Shannon's Chassis Test System Specifications

Buy at Amazon

Phanteks Enthoo Pro II Full-Tower Chassis

TodayYesterday7 days ago30 days ago
$139.99$139.99-
* Prices last scanned on 10/29/2020 at 12:27 am CDT - prices may not be accurate, click links above for the latest price. We may earn an affiliate commission.

Packaging

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The large sides of the box had a line drawing profile of the Enthoo Pro II along with the name and logo. The opposing side has a full-side line drawing profile where you can make out much of the interior features and cable management.

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The skinny sides of the package carry similar styling with the branding and nameplate being in place. The first surface has the remainder of the partial line drawing of the front of the chassis completed. The opposing surface is where we find the inventory management labels along with the regulatory and safety iconography.

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The Enthoo Pro II comes wrapped in a fabric bag to help avoid abrasion damage from vibration or jostling during transport. The bagged chassis is sandwiched between two endcaps made of soft foam reinforced with cardboard for stability and crush resistance. The accessory box comes outside the enclosure, as you see here.

With the packaging sorted, let's undress the chassis and see what the Enthoo Pro II is all about.

Phanteks Enthoo Pro II Full-Tower Chassis

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The front of the Pro II is mostly a brushed metal looking finish on the plastic front panel. The opening for ventilation is an open fabric mesh with a magnetic filter behind it to catch dust. The front carries an accent line around the bottom and up the left side. The top houses a flip-up door that gives access to the I/O, which we will check out shortly.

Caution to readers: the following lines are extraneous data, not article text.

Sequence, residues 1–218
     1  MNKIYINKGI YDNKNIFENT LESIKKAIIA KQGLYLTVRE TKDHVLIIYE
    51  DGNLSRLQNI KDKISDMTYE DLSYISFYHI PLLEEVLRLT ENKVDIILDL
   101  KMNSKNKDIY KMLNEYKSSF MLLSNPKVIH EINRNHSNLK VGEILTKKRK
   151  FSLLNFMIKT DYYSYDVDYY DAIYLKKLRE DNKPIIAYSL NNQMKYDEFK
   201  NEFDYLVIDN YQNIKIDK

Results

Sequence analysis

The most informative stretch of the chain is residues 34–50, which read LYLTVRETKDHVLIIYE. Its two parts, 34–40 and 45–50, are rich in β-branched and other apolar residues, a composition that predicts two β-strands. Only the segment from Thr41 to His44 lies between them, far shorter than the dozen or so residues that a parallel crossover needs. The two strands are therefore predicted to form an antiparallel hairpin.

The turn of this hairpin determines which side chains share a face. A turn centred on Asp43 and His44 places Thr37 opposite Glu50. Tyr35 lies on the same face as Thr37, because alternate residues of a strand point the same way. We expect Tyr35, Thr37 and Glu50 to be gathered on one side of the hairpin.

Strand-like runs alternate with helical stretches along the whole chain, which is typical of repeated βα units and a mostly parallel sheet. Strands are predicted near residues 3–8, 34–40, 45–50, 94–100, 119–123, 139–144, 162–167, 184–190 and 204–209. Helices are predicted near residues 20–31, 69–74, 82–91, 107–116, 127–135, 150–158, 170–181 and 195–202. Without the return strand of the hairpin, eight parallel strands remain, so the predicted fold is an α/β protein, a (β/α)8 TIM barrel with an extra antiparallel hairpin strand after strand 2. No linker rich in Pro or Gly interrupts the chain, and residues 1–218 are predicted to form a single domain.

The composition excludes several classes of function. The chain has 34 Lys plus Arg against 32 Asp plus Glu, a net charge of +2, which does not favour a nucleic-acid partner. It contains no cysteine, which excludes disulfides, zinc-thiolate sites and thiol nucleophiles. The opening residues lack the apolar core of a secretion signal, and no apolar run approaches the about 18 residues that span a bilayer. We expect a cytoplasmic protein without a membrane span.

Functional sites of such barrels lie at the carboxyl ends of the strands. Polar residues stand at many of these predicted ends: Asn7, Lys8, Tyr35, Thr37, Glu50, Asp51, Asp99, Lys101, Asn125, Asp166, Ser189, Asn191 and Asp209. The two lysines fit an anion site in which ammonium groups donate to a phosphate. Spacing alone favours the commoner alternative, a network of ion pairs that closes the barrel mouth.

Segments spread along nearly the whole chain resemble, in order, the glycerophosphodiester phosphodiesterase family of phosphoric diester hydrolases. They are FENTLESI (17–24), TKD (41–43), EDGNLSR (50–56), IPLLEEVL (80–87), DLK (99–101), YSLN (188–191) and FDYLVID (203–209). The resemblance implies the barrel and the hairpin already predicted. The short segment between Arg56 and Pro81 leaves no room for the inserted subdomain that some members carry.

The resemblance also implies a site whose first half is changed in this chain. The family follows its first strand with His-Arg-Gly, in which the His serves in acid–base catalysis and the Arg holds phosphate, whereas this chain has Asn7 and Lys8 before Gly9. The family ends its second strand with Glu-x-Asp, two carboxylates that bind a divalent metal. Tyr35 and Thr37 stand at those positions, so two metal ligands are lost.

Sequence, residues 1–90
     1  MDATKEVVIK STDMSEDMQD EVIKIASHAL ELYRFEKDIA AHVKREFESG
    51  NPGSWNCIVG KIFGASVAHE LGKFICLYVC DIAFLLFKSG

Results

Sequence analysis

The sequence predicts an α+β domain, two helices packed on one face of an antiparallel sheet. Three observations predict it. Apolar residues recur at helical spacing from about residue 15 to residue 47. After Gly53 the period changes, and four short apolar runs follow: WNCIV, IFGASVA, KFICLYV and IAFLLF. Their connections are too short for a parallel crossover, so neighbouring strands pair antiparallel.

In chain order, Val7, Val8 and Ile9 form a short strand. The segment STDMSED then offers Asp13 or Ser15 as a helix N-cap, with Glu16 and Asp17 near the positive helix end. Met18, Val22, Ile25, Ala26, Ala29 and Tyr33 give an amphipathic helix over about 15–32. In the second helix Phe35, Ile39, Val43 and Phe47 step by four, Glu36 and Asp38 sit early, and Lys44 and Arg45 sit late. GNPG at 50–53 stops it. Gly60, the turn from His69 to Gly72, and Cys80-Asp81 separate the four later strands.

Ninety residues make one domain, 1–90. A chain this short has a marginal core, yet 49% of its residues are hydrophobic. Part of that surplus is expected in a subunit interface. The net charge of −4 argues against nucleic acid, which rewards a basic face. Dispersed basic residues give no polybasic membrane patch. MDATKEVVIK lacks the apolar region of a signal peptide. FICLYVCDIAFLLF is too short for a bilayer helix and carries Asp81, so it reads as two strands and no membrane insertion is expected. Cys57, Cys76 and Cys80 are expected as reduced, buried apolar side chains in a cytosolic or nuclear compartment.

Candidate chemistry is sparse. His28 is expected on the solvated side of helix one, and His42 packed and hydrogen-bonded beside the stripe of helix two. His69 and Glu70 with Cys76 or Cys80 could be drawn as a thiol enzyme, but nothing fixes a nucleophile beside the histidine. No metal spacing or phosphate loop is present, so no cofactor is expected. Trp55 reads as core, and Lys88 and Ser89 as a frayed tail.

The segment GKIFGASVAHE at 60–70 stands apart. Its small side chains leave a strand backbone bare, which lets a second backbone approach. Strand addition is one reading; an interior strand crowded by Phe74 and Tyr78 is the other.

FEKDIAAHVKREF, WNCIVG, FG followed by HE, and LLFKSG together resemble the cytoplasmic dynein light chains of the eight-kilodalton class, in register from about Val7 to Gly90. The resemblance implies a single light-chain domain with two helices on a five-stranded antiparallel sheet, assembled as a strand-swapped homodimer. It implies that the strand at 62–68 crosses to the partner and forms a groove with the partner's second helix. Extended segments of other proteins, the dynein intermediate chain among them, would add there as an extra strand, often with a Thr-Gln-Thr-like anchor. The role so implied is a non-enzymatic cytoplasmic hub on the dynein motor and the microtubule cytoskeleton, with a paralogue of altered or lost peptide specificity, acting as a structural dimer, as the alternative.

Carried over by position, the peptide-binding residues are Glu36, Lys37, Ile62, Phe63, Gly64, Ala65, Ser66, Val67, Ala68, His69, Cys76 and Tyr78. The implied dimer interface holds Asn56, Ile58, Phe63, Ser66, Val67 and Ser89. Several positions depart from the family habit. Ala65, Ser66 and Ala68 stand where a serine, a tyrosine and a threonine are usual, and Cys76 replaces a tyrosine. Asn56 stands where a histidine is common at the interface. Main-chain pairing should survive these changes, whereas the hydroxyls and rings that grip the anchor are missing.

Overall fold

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The top of the Pro II is covered by a magnetic dust filter that covers the top cooling mounting. Toward the front, we see the main power button with the surrounding power LED halo.

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The main power switch is up top as we observed a minute ago, then we move to the flip-up door covering the majority of the connectivity.

The I/O below the cover is as follows:

  • 4x USB 3.2 Gen 1 Type-A ports
  • USB 3,2 Gen 2 Type-C port
  • Combo headphone and microphone 3.5mm jack
  • RGB LED mode button
  • RGB LED color Button
  • Reset button with HDD LED Halo (Power button and LED halo for the second system)

As you can see the, I/O is stuffed, and I do like that Phanteks cleans things up a bit by employing the reset button as the power switch for the second system if you choose to install a second ITX system.

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The main case panel is tempered glass on our unit, and it is smoked to offer a darker view of the internal system until it is powered on and LEDs come to life.

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Looking at the rear of the Pro II, we see a pretty standard ATX layout up top. However, once we get to the PSU, we notice the rotated mounting and know that it means we are making room for something in the main chamber. Adjacent to the PSU mount, we see a cover, which is two pieces as a second PSU can be mounted here, or the entire righthand cover can be removed and replaced with the ITX back panel bracket.

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The cable management panel is solid steel and has two separate ventilation openings. The opening toward the front panel allows airflow to the cooling mounting running parallel to the motherboard. The lower rear ventilation point is to feed the installed PSU. The panel is held in place with two thumbscrews you can see at the case back edge.

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The bottom of the Pro II has four corner large plastic foot surfaces with small rubberized pads to help avoid sliding on the floor or desk. To service the lower filter, which runs the length of the chassis, you must remove the front panel to access pulling it out from the front.

Let's pull the panels off now and see what secrets the Pro II holds.

Inside the Enthoo Pro II

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Pulling the front panel is simple enough with a forceful pull releasing the plastic clips that hold the panel in place. Once the panel is removed, you can see the internal magnetic fan filter fit to the front. The fan filter has a small tab to remove it at the top.

With the filter removed, we now see the sizeable slotted fitment for fans or radiators in the front. Also, at the bottom left edge, we see a larger hole which Phanteks put in place to allow for a drain plug to be installed if you choose to install liquid cooling in your new system.